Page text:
The relationship between our two main characters is extremely well observed, and moments of regression into their ‘lame’ younger selves are an absolute joy to watch. The other characters that get involved are also well scripted, including Christian’s boss / love interest Mara (Margaret Ying Drake). This is ultimately a psychological horror though, and there are moments throughout that create a growing sense of unease, and the tension that we ultimately build to is almost unbearable.
They Look Like People is a superb piece of filmmaking which explores friendship, loyalty and mental health in a measured way even though it is a horror. It comes with a Skelpometer rating of 9 and is available on Prime Video.
In this 70 minute German movie shot on 16mm film, writer/director Tilman Singer conjures an otherworldy atmosphere from both a limited budget and just a few locations. The very first scene is drawn-out, almost wordless and shot from a distance. With this, and the colour palette, you immediately feel like you are in another time, another place. The story then unfolds in a non-linear but inventive fashion which I found enjoyable and intriguing.
The plot revolves around the titular Luz, a cab driver who enters a police station dazed and confused. At the same time a couple of strangers engage in a weird conversation in a bar nearby. The connection between these two events and the characters involved is teased out through the movie. It would be a major spoiler to say much more, but there is some supernatural peril that comes to the fore – this is a (mostly) horror blog after all!
Once the movie was over, my first thought was that the director must be a fan of Stanley Kubrick, given the way in which some of the scenes were filmed. I’m not sure whether this is true or even a correct comparison, but it was where my brain went! The other things that sprung to mind were ‘confident’ and ‘assured’ which, for what is apparently (I haven’t researched this myself, I heard it on Strong Language and Violent Scenes podcast) a film made as a student’s dissertation, is no mean feat. In any case, I’m really excited to see what else Singer makes in the future.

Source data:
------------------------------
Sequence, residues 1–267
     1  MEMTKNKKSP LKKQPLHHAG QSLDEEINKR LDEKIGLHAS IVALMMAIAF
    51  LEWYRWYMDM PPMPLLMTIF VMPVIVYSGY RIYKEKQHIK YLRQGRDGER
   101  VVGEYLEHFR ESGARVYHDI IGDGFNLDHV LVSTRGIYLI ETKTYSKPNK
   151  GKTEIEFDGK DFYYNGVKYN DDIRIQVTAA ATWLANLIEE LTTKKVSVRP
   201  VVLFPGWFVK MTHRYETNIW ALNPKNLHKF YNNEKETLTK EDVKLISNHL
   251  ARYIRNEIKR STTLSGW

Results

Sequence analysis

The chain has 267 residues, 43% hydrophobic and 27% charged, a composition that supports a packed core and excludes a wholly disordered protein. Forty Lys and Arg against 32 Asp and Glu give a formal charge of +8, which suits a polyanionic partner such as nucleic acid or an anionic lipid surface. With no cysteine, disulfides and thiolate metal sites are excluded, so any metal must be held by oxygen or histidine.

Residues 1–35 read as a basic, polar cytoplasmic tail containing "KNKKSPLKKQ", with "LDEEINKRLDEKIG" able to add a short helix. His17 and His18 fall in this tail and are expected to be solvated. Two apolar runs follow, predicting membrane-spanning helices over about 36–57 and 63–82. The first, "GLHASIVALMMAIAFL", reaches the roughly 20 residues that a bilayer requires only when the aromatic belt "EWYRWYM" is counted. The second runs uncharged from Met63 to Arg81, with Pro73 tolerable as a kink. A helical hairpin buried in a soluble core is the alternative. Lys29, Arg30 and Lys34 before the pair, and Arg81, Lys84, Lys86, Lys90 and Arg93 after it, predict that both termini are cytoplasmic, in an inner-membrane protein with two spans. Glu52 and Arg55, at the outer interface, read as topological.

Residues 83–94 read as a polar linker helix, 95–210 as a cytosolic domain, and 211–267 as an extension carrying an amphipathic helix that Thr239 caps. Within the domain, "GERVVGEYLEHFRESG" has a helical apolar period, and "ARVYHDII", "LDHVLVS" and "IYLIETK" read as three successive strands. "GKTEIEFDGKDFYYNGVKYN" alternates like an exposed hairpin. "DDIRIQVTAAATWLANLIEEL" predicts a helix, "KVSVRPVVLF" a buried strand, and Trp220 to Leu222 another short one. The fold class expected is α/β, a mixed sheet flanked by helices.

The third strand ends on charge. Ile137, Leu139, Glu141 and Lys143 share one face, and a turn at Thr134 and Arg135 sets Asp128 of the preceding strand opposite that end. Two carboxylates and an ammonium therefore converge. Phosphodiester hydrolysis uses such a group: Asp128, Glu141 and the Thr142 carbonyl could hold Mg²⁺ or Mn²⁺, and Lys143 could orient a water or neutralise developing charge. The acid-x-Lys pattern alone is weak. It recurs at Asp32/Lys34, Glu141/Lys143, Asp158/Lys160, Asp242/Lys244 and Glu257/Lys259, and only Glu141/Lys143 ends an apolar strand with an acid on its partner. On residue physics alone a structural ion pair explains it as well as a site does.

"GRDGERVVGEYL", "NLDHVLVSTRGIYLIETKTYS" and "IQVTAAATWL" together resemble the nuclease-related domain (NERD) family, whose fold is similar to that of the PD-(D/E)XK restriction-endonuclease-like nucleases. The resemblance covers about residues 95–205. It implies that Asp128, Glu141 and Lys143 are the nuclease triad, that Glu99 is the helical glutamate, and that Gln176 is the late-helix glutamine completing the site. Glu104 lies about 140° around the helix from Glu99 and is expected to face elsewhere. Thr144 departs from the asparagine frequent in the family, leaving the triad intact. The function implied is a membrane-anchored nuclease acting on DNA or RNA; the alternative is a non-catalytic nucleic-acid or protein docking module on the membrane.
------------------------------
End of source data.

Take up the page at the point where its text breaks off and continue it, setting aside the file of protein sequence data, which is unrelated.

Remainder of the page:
Even at just over an hour this film does take its time to get to where it’s going, so this may not be to everyone’s taste, but it’s right up my straße and gets a superb 9 on the Skelpometer.
Back in the mid-to-late 80s, in the era when VHS was king, a certain type of entrepreneur sprang up in the UK prior to the big chains like Blockbuster getting themselves established. A man (almost exclusively a man) with a van would buy a load of films on VHS tape and drive around neighbourhoods renting these out to anyone who wanted them – no need for 6 pieces of ID and a photo, just a few pounds and a point towards your door ‘that’s where I live’ and the tape was yours for a couple of nights. Now I can’t speak for all of these movie rental vans, but the one that serviced my area when I was a teenager wasn’t too worried about who rented what, and certainly didn’t care about age ratings. This meant that I was able to see many things that perhaps an impressionable young lad shouldn’t have, and Xtro is exactly the type of movie I would have rented then. I don’t recall having seen it, but then again I only have hazy memories of being in hazy rooms a lot of the time in my late teens, so who knows!